ERSP Recommends Universal Commerce Modify Advertising for ‘Senior Mobile’ Cell Phone to Better Disclose Activation Fee

New York, NY – Nov. 17, 2014 – The Electronic Retailing Self-Regulation Program (ERSP) has recommended that Universal Commerce modify certain advertising claims for Senior Mobile, a cell phone designed for seniors, to better disclose that the free phone carries a $97 activation fee.

ERSP is an investigative unit of the advertising industry’s system of self-regulation and is administered by the Council of Better Business Bureaus. The marketer’s advertising came to the attention of ERSP pursuant to its ongoing monitoring program.

ERSP reviewed print advertising claims for Senior Mobile, including:

•    “Public set to get easy to use cell phones free”
•    “New cell phones aimed at keeping Texas residents safe are being given away free to everyone who beats the 48 hour deadline to cover just the one-time activation fee, but only those Texas area residents who call are also getting nationwide coverage with no long distance charges, no contracts, no deposits and no monthly bills”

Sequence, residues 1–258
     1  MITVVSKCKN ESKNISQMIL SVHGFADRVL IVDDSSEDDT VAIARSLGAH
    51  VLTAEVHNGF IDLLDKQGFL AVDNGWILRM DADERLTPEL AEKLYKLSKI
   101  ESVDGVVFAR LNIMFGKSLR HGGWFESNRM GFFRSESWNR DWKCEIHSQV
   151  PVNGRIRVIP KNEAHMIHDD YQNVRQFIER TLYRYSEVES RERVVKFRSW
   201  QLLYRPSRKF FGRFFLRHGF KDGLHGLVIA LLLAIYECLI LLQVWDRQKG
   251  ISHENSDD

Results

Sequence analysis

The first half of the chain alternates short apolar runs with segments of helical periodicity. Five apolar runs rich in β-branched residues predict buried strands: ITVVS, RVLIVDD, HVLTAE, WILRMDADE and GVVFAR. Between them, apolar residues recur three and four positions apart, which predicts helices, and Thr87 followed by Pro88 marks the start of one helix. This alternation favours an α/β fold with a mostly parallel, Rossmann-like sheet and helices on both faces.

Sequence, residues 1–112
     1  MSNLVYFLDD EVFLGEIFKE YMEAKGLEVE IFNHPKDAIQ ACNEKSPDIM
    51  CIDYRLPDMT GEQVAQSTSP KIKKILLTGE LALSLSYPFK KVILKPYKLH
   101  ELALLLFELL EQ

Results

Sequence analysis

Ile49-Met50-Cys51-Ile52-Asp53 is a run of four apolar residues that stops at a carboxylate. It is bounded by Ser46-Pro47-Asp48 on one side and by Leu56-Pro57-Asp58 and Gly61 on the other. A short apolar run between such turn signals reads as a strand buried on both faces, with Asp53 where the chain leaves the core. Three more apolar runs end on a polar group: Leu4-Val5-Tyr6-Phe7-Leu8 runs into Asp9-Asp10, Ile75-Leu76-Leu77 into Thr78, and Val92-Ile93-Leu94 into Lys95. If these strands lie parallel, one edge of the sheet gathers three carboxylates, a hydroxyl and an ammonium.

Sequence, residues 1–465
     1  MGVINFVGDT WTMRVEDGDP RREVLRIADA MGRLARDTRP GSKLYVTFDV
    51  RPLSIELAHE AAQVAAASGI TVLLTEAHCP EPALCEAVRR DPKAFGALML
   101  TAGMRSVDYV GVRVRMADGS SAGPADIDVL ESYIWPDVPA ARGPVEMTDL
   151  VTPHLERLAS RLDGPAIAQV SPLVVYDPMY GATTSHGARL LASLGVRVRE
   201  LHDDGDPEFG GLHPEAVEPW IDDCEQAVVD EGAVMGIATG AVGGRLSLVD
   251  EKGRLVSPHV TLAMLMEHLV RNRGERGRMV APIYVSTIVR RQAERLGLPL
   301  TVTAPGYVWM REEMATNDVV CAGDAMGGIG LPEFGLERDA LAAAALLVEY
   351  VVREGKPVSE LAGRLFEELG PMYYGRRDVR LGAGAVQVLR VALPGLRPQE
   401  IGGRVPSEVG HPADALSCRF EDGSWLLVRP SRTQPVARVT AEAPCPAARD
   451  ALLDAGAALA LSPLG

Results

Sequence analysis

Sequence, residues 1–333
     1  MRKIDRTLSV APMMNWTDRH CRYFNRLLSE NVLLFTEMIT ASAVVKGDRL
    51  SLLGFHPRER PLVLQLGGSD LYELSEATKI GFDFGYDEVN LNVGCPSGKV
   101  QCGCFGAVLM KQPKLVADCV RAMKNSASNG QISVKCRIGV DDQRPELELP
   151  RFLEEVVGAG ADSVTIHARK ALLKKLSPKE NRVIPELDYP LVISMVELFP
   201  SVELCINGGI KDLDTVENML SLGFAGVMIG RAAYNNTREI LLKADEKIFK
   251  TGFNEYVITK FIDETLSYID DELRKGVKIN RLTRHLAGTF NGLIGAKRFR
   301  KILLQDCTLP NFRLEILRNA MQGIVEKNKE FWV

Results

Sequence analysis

•    “The only thing residents need to do is call the Toll Free Hotline before the 48-hour order deadline ends to cover just a one-time activation fee to instantly be awarded the new SeniorMobile cell phone for free.”
•    “U.S. Gov’t urges citizens to carry cell phones”

Senior Mobile is a cell phone designed for seniors that includes an “E” button, a preprogrammed button which allows consumers to make a one-touch call to an emergency dispatch center, instead of dialing 9-1-1.

ERSP determined that the marketer provided a reasonable basis for its position that the advertising has been appropriately identified as a paid advertisement.

The “free” offer for Senior Mobile is reinforced several times in the advertisement. While ERSP did not dispute that the cell phone itself is free, it found that the $97 activation fee was a material condition of the offer. As such, ERSP recommended Universal Commerce clearly and conspicuously disclose material information about the activation and shipping costs in the context of the advertising at issue as it pertains to the “free” offer.

The company, in its marketer’s statement, said, “Universal Commerce, LLC, which is committed to ensuring that its advertising is truthful, accurate, and substantiated, appreciates the opportunity to participate in the Electronic Retailing Self-Regulation Program self-regulatory process … While we disagree with ERSP’s conclusion that the multiple disclosures in the advertisement that consumers must pay air $97 activation fee to obtain the phone are not sufficiently clear and conspicuous, Universal Commerce will take ERSP’s suggestions into consideration in its future advertisements.”